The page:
What will speaking achieve?
The past four days, apart from answering direct questions or using as few words as possible, I've stopped talking to my husband.
Before that, for months now, every time I speak, it's been the wrong thing to say. I'm either assuming something, asking the wrong question, asking the right question but in the wrong way, interrupting him or some other mistake.
Now, when I talk, I ask myself first "what will speaking achieve"? If there's nothing positive to be achieved, I stay quiet. It's much more peaceful at home.
Even something as seemingly simple as "when would you like dinner?" was causing a half hour long argument. Now, I just make dinner and if he's ready, he eats with me, and if he's not, we eat seperately. But there are no arguments which is great, four days with no arguments has to be a record.
I am naturally a combative personality - I enjoy a (healthy) debate, and can see both sides and play both sides for intellectual fun. I'm wondering if I've been bringing this part of my personality into my relationship too much - as my other half is not the type to see himself as ever incorrect about anything, in his mind it's not possible and there's always a way to explain his "right-ness".
Is this the secret? Stop running my mouth every opportunity and be more mindful of what I'm saying? Only saying what is necessary instead of everything that pops into my head? We've only been married two months.... I want to put the effort in to make it work.
Thank you for sharing your issue with regards to communicating with your husband. I have been married almost thirty years, so I am happy to share what I have learned along the way.
I don't think it's healthy for you to "stop speaking with your husband apart from answering direct questions or using as few words as possible". You will end up internalising too many feelings and that won't be healthy for you. I believe open and honest communication is important in any relationship and that it's a two way street. You both have to put in the effort to make it work.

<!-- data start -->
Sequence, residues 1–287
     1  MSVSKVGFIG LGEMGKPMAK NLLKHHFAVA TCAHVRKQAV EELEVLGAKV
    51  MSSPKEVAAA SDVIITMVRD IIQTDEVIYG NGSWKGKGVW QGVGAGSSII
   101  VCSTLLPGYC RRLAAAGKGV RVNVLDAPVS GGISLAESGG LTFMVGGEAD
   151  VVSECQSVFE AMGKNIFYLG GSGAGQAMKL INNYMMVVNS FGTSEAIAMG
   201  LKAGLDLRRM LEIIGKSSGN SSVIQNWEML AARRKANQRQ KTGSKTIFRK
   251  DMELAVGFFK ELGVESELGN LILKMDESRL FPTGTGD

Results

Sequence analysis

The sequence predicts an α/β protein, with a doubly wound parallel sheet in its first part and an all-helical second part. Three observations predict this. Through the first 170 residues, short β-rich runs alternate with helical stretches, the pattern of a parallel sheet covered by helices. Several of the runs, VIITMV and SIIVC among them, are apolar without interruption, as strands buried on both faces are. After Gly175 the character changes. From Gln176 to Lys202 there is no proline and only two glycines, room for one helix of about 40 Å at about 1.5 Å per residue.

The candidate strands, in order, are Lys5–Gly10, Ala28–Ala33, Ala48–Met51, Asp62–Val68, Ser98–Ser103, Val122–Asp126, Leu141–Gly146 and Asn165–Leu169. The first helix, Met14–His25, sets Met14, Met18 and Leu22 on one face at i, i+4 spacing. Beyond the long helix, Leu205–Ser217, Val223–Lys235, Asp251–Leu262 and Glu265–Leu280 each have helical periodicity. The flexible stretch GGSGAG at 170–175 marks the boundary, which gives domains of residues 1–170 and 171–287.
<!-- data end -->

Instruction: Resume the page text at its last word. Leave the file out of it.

I'd like to suggest that both of you kind of have to learn to read your partner's mood and figure out generally when it's a good time to talk about substantive or sensitive issues. For example, my husband works long hours and gets up early, so I never raise an important or tricky issue before bed because it could mean that he doesn't get enough sleep. I wait until we are both fresh and having our coffee in the morning. Similarly my husband knows that I am sometimes quick to anger and that if I do get angry it's best to leave the issue for the time being and he'll usually raise it again a few days later. He knows that I sometimes need time to process things before I can calmly discuss some issues.
Sometimes the way we say things can come out wrong, too. I call it the ABCs of communication in marriage. Too often the things we say may come across as "accusation, blame and criticism". Think about your words and your tone and try to move the conversation to "acceptance, blessing and compromise." Hope this makes sense.
Having said all that, I don't think that for months "everything you say" should be meet with a negative response. I'm wondering if something is going on in your husband's life that is putting him on edge? It could be that he doesn't enjoy the debates as you do, so you could try limiting these conversations and see if that has a positive impact. Or you could try ensuring that the debates don't get personal.
One other tip I put in practice: leave at least one unkind thing unsaid each day.
Kind thoughts to you
Thanks for sharing your story honestly and being prepared to change your behaviour.
Summer Rose has helpful suggestions in her thoughtful and supportive reply.
i can relate to wanting to debate as my parents who were married for over 50 years used to discuss as they called but us children called it arguing every day. they loved each other so I assumed to show my love I should argue with my husband.
My husband came from a family where his parents would be in same house for hours and not say a word. I realised that having a debate when it was not needed made for a calmer place.
I agree with Summer Rose about picking the right time and using the right tone. I have been told I have a tonal problem as I think I am being sincere and others see me as sarcastic. so I have to work hard to make sure my tone matches my words.
If you try some of summers suggestions let us know how they work out.
I am sure many reading your post will be able to relate to.
Sometimes people have different conversational styles , Imlike you have been told I interrupt or ask too many questions or the wrong question, when I feel I am being eager and paying attention by asking questions.
thanks again for your post